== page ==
JCO: I don’t focus on crime fiction much. I am often reading for review—usually at the New York Review of Books-- & for three literary competitions for which I am a juror (Anisfield-Wolf Awards, Capote Prize, Simpson Family Foundation Literary Award)--& if in this mix there are crime novels, that is serendipitous; but usually I am reading for quality, not genre.
MT: Years ago, I remember when being interviewed, you stated which books you were most proud of. Many years have passed since then, and many books have been written. So I will ask for everyone who’s wondering: Which books are the ones you’re most proud of?
JCO: I am not “proud” of anything—really. I find the notion discomforting, that one should be “proud”—pride does not seem to me a worthwhile virtue.
MT: There was very recently a prize going around acknowledging books that don’t present violence against women. Knowing that many of your books have women who experience great amounts of violence, could you explain how you feel toward this type of award?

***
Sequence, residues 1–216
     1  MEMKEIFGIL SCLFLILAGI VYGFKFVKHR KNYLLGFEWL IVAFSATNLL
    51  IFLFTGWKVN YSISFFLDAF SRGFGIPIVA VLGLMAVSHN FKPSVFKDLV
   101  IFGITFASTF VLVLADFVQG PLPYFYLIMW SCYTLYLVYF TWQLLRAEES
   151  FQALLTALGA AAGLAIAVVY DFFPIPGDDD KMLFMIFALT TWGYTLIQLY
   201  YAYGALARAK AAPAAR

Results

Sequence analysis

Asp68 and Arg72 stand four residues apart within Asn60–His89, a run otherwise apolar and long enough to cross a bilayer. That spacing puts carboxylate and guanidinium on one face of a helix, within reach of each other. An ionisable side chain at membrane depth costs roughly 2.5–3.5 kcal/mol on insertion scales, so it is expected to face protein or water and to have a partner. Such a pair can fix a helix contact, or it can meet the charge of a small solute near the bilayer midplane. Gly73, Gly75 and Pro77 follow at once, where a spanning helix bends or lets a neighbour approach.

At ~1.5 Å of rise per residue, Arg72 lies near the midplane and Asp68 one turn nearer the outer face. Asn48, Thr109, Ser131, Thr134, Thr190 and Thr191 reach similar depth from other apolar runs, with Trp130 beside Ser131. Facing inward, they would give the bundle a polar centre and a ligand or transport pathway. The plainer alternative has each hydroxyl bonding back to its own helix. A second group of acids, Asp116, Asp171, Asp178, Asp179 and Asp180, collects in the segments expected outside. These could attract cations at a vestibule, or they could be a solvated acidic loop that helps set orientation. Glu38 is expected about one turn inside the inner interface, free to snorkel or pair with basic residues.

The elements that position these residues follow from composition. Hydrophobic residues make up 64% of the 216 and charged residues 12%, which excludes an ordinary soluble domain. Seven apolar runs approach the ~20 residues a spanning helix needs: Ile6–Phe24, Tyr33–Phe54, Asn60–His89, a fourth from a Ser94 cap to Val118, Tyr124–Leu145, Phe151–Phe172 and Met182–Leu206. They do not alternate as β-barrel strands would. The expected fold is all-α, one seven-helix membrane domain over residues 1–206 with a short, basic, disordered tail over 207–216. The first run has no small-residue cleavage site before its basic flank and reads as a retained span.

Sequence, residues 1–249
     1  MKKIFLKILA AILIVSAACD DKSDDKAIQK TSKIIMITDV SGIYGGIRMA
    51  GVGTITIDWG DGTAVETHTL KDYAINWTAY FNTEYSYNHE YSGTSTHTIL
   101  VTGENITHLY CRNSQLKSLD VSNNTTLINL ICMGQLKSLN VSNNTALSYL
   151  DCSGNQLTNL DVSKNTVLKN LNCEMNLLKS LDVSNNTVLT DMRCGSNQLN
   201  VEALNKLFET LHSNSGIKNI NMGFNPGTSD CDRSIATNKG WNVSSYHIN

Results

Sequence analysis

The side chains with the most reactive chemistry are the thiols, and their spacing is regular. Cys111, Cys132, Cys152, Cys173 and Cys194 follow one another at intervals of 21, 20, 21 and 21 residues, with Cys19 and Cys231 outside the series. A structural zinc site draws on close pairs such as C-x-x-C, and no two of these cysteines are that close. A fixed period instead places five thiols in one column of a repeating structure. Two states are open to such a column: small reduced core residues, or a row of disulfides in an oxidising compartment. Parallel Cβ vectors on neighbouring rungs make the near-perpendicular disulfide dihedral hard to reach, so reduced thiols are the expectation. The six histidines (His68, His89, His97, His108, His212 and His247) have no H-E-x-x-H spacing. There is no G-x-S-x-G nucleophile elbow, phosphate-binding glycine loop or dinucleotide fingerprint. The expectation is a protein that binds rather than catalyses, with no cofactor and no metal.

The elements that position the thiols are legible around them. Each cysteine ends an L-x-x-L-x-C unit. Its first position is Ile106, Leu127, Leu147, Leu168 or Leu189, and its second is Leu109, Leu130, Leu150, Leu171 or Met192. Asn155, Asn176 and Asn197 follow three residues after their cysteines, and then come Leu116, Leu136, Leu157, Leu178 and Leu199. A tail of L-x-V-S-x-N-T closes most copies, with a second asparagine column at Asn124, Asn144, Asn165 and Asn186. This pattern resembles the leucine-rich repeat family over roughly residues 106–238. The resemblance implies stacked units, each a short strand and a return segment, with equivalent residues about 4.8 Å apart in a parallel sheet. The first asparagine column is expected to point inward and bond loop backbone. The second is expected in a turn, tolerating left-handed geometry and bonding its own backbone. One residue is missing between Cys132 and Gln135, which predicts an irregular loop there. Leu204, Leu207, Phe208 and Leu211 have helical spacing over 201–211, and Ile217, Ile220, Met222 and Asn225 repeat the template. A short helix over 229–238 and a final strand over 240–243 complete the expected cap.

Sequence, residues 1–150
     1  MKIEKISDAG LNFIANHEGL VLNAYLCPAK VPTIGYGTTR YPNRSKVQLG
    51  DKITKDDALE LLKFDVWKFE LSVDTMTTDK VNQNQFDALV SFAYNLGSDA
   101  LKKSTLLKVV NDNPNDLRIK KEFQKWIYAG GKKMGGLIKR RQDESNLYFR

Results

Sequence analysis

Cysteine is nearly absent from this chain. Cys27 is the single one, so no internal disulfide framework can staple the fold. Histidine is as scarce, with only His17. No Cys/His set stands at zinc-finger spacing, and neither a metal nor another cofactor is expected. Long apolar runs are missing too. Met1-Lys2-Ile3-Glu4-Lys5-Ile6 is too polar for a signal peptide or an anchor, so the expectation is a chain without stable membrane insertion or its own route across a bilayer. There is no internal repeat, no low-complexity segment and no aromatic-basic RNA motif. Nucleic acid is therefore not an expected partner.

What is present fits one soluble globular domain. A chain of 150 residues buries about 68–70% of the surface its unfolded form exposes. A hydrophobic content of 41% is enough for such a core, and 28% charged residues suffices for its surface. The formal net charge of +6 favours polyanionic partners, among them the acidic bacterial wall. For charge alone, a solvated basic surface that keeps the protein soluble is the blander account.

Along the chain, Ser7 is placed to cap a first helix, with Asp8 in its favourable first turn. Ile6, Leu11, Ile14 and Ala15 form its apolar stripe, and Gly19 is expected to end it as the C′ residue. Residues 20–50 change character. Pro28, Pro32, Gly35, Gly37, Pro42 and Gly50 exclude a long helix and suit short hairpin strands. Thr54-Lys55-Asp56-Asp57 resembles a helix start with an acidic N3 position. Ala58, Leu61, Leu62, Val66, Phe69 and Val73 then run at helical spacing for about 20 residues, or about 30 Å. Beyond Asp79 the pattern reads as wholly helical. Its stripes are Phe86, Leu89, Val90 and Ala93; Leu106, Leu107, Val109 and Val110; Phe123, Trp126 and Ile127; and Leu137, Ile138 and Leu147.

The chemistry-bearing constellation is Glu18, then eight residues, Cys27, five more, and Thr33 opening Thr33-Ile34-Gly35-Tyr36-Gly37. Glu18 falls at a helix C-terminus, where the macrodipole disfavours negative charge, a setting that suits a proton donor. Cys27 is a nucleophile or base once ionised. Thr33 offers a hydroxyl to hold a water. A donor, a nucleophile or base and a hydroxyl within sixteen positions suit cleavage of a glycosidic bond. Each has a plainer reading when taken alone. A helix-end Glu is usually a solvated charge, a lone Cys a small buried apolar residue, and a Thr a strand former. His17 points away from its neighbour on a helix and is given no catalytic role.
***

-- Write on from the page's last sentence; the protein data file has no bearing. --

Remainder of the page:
JCO: This sounds like literature for children or very young adults. Literature isn’t sociology, still less propaganda. Virtually all of Shakespeare’s tragedies would be exempt from this award, not to mention the greatest novels. Perhaps it’s a well-intentioned bid for attention.
MT: What advice would you give new and aspiring writers who are trying to make their way/space in the literary world? How about, more specifically, women writers, or queer writers, or writers who are people of color?
JCO: Just read, widely. Buy books, buy literary magazines, and read!
MT: Which of your books would you give to the current president of the United States? Why would you give it to him? What would you hope he would gain from this book?
JCO: The current POTUS? I would never sully a book by giving it to one who is so proudly illiterate & anti-intellectual. I doubt that T***p could read a graphic novel unless it were quite short & had no nuance or subtlety.
MT: Thank you so much for joining me for a brief discussion, Ms. Oates. I really appreciate all of your answers and you taking the time out of your busy schedule to answer some of these questions. Feel free to add any thoughts or comments here, as we’d love to hear what you have to say.
JCO: Thanks for your excellent questions! They all seem somewhat unusual, which is welcome.